And some shelves. (Note the mason jars and reusable containers.) - my dorm room: a guided tour

cleaning and laundry

I have to clean my own room (boo!). I’ve switched to natural cleaners to get the job done. There’s a laundry room downstairs where I wash my clothes and then hang them to dry in my room. - my dorm room: a guided tour


Many of these hooks were already here when I moved in (as well as that cute little mirror by the front door). They’ve come in handy! - my dorm room: a guided tour

art and décor

I’ve added a few little touches to personalize the space. - my dorm room: a guided tour

at-dorm entertainment

A little bedside reading and DVDs borrowed from the library! - my dorm room: a guided tour


When not in use for food prep, the desk gets used as . . . an actual desk! I wrote part of the first draft of my novella at this very spot. - my dorm room: a guided tour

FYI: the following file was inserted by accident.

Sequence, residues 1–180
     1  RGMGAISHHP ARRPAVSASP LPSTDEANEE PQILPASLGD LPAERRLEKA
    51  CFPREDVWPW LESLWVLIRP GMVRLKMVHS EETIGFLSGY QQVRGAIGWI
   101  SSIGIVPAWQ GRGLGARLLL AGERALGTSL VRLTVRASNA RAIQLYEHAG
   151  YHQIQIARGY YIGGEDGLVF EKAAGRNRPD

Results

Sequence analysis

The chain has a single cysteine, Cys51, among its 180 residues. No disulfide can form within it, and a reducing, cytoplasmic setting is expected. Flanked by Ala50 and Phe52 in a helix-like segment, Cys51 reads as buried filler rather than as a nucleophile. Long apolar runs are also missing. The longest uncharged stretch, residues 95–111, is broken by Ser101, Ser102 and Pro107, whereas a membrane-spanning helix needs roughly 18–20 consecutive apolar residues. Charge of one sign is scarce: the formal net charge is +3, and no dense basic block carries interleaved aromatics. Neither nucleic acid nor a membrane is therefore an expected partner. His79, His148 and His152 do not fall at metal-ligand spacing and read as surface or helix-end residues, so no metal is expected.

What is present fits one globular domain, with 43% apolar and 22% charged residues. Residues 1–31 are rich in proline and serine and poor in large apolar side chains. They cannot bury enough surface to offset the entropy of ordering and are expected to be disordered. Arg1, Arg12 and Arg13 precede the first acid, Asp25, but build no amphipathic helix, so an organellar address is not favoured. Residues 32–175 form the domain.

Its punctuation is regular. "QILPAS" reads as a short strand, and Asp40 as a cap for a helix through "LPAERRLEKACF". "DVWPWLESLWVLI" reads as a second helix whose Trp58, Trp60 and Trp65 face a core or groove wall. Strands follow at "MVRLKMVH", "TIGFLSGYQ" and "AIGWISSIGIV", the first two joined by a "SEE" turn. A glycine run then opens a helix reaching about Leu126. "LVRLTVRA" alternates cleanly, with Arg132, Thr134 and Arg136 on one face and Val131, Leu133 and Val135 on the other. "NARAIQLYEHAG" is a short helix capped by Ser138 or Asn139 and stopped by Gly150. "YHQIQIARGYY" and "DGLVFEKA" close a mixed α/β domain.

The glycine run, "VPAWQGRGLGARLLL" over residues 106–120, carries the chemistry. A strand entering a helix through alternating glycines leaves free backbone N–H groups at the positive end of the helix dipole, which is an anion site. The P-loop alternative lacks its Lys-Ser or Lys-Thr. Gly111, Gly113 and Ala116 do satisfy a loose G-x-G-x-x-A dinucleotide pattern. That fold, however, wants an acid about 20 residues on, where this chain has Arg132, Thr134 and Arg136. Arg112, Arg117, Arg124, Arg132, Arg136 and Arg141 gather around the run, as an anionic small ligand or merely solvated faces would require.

please exit through the front door

And that concludes our tour. Everything I own in approximately 100 square feet. I hope you’ve enjoyed it! (Tips, while optional, are greatly appreciated.) - my dorm room: a guided tour

19 thoughts on “my dorm room: a guided tour

  1. Sky

    We think we can’t live in a small space because we’ve been programmed to have more, more, more! Consume to keep our economy going. It’s such a crock of sh##!!
    Looks like you have everything you need. Good for you.

  2. Jean

    That’s a surprising amount of space. I was expecting it to be like my old dorm, with a bunkbed opposite a single bed and a shared lavatory down the hall (or down a floor). I wonder if Western or its federated colleges have similar lay-out.

    I’m curious about the logistics of moving. Do you box everything up an ship it to a new location? Fill your plastic boxes and hook them to a dolly?